byproduct. This process was used from the end of the 19th century until the middle of the 20th century. Thénard and
    Joseph Louis Gay-Lussac Joseph Louis Gay-Lussac (, , ; 6 December 1778  – 9 May 1850) was a French chemist and physicist. He is known mostly for his discovery that water is made of two parts hydrogen and one part oxygen (with Alexander von Humboldt), for two laws ...

    Joseph Louis Gay-Lussac
    synthesized
    sodium peroxide Sodium peroxide is the inorganic compound with the formula Na2O2. This yellowish solid is the product of sodium ignited in excess oxygen. It is a strong base. This metal peroxide exists in several hydrates and peroxyhydrates including Na2O2·2H2O2 ...
    in 1811. The bleaching effect of peroxides and their salts on
    natural dye Natural dyes are dyes or colorants derived from plants, invertebrates, or minerals. The majority of natural dyes are vegetable dyes from plant sources—roots, berries, bark, leaves, and wood—and other biological sources such as fungi. Archaeol ...

    natural dye
    s became known around that time, but early attempts of industrial production of peroxides failed. The first plant producing hydrogen peroxide was built in 1873 in
    Berlin Berlin (; ) is the capital and largest city of Germany by both area and population. Its 3,769,495 inhabitants, as of 31 December 2019 makes it the most-populous city of the European Union, according to population within city limits. One of Ger ...
    . The discovery of the synthesis of hydrogen peroxide by
    electrolysis In chemistry and manufacturing, electrolysis is a technique that uses direct electric current (DC) to drive an otherwise non-spontaneous chemical reaction. Electrolysis is commercially important as a stage in the separation of elements from natur ...

    electrolysis
    with
    sulfuric acid Sulfuric acid (American spelling) or sulphuric acid (Commonwealth spelling), also known as oil of vitriol, is a mineral acid composed of the elements sulfur, oxygen and hydrogen, with molecular formula H2SO4. It is a colorless, odorless and vis ...

    sulfuric acid
    introduced the more efficient electrochemical method. It was first commercialized in 1908 in Weißenstein,
    Carinthia Carinthia (german: Kärnten ; sl, Koroška ) is the southernmost Austrian state or ''Land''. Situated within the Eastern Alps, it is noted for its mountains and lakes. The main language is German. Its regional dialects belong to the Southern Ba ...
    , Austria. The
    anthraquinone processThe anthraquinone process is a process for the production of hydrogen peroxide, which was developed by BASF. The industrial production of hydrogen peroxide is based on the reduction of oxygen, as in the direct synthesis from the elements. Instead of ...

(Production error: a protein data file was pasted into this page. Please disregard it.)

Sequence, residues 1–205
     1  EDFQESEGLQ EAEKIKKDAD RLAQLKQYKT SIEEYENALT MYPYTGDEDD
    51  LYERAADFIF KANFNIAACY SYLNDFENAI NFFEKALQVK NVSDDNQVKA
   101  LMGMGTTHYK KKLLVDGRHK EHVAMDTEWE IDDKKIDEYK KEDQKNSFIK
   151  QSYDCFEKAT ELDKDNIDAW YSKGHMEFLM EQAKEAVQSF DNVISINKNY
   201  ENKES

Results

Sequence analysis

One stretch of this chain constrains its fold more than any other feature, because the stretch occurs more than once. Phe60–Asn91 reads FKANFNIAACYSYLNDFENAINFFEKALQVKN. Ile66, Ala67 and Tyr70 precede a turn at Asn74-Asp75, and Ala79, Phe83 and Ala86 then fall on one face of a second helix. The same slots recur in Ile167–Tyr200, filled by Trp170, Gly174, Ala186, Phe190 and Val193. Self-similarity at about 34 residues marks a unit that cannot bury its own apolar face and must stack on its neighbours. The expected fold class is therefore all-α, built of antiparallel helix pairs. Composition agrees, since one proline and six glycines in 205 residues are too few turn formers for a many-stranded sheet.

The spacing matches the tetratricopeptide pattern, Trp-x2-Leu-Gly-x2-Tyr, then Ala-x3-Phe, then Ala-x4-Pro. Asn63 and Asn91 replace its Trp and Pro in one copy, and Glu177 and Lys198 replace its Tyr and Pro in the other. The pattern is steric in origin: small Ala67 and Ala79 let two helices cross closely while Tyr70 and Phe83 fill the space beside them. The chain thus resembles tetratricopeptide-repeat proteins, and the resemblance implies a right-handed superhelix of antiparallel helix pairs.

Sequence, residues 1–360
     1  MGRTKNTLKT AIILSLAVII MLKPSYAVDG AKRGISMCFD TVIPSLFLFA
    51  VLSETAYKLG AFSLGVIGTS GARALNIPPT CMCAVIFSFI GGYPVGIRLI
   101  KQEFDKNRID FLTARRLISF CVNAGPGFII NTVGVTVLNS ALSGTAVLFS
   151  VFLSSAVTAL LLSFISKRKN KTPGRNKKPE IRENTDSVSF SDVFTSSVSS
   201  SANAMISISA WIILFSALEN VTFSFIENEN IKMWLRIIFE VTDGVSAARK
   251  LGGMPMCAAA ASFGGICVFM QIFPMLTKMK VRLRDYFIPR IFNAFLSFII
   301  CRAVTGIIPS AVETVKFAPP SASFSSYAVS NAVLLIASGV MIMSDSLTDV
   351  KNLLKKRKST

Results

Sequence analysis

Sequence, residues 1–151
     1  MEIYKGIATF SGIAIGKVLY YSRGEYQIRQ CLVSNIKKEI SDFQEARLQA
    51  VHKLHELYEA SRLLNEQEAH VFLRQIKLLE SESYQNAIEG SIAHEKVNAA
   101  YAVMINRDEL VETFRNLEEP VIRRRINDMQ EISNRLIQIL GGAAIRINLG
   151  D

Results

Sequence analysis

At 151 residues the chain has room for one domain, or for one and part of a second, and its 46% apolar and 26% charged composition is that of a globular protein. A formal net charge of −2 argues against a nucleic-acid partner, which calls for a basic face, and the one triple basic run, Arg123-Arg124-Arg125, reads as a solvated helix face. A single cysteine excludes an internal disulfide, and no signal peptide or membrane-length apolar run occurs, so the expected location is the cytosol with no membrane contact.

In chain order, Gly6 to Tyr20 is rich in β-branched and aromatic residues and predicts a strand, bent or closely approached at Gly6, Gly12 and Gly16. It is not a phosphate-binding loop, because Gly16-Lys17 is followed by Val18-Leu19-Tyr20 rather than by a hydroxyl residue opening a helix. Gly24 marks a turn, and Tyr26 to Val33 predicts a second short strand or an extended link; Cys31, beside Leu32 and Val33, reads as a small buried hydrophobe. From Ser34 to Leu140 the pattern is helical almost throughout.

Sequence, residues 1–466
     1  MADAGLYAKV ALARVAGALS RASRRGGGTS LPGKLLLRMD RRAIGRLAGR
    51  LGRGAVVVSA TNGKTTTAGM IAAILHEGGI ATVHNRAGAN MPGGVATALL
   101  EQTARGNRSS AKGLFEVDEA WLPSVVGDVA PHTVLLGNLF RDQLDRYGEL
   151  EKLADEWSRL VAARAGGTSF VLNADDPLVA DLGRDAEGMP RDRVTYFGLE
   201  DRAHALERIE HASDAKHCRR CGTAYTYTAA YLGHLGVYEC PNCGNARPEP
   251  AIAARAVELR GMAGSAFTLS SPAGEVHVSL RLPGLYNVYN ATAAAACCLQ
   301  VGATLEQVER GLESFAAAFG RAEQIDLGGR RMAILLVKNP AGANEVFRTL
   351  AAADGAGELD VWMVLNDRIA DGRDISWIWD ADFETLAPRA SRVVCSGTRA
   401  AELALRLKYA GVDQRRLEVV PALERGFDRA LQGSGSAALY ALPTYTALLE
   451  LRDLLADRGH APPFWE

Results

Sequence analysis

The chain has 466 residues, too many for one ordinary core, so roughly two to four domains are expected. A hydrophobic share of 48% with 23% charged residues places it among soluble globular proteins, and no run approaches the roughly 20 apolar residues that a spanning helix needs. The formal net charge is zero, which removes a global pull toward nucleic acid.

, which is still used, was developed during the 1930s by the German chemical manufacturer IG Farben in Ludwigshafen. The increased demand and improvements in the synthesis methods resulted in the rise of the annual production of hydrogen peroxide from 35,000 tonnes in 1950, to over 100,000 tonnes in 1960, to 300,000 tonnes by 1970; by 1998 it reached 2.7 million tonnes. Early attempts failed to produce neat hydrogen peroxide. Anhydrous hydrogen peroxide was first obtained by vacuum distillation. Determination of the molecular structure of hydrogen peroxide proved to be very difficult. In 1892, the Italian physical chemist Giacomo Carrara (1864–1925) determined its molecular mass by
    freezing-point depression Freezing-point depression is a drop in the temperature at which a substance freezes, caused when a smaller amount of another, non-volatile substance is added. Examples include adding salt into water (used in ice cream makers and for de-icing roads ...
    , which confirmed that its molecular formula is H2O2. At least half a dozen hypothetical molecular structures seemed to be consistent with the available evidence. In 1934, the English mathematical physicist William Penney, Baron Penney, William Penney and the Scottish physicist Gordon Sutherland proposed a molecular structure for hydrogen peroxide that was very similar to the presently accepted one. Previously, hydrogen peroxide was prepared industrially by hydrolysis of ammonium persulfate, which was itself obtained by the
    electrolysis In chemistry and manufacturing, electrolysis is a technique that uses direct electric current (DC) to drive an otherwise non-spontaneous chemical reaction. Electrolysis is commercially important as a stage in the separation of elements from natur ...

    electrolysis
    of a solution of ammonium bisulfate () in
    sulfuric acid Sulfuric acid (American spelling) or sulphuric acid (Commonwealth spelling), also known as oil of vitriol, is a mineral acid composed of the elements sulfur, oxygen and hydrogen, with molecular formula H2SO4. It is a colorless, odorless and vis ...

    sulfuric acid
    : :2NH4HSO4 ->[] (NH4)2S2O8 + H2 :(NH4)2S2O8 + 2H2O ->[hydrolysis] 2(NH4)HSO4 + H2O2


    Production

    Today, hydrogen peroxide is manufactured almost exclusively by the